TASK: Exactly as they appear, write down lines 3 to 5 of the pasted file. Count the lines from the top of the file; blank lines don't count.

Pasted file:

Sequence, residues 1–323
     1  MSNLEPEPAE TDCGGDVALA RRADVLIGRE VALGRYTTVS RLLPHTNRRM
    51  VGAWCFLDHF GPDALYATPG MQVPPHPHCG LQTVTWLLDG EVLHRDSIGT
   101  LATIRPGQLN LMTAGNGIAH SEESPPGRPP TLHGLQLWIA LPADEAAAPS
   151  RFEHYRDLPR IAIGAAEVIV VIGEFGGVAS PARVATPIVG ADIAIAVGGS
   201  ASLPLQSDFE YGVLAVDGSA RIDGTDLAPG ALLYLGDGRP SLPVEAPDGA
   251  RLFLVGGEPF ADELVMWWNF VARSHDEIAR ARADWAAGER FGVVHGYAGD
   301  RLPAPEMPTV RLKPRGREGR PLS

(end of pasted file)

    51  VGAWCFLDHF GPDALYATPG MQVPPHPHCG LQTVTWLLDG EVLHRDSIGT
   101  LATIRPGQLN LMTAGNGIAH SEESPPGRPP TLHGLQLWIA LPADEAAAPS
   151  RFEHYRDLPR IAIGAAEVIV VIGEFGGVAS PARVATPIVG ADIAIAVGGS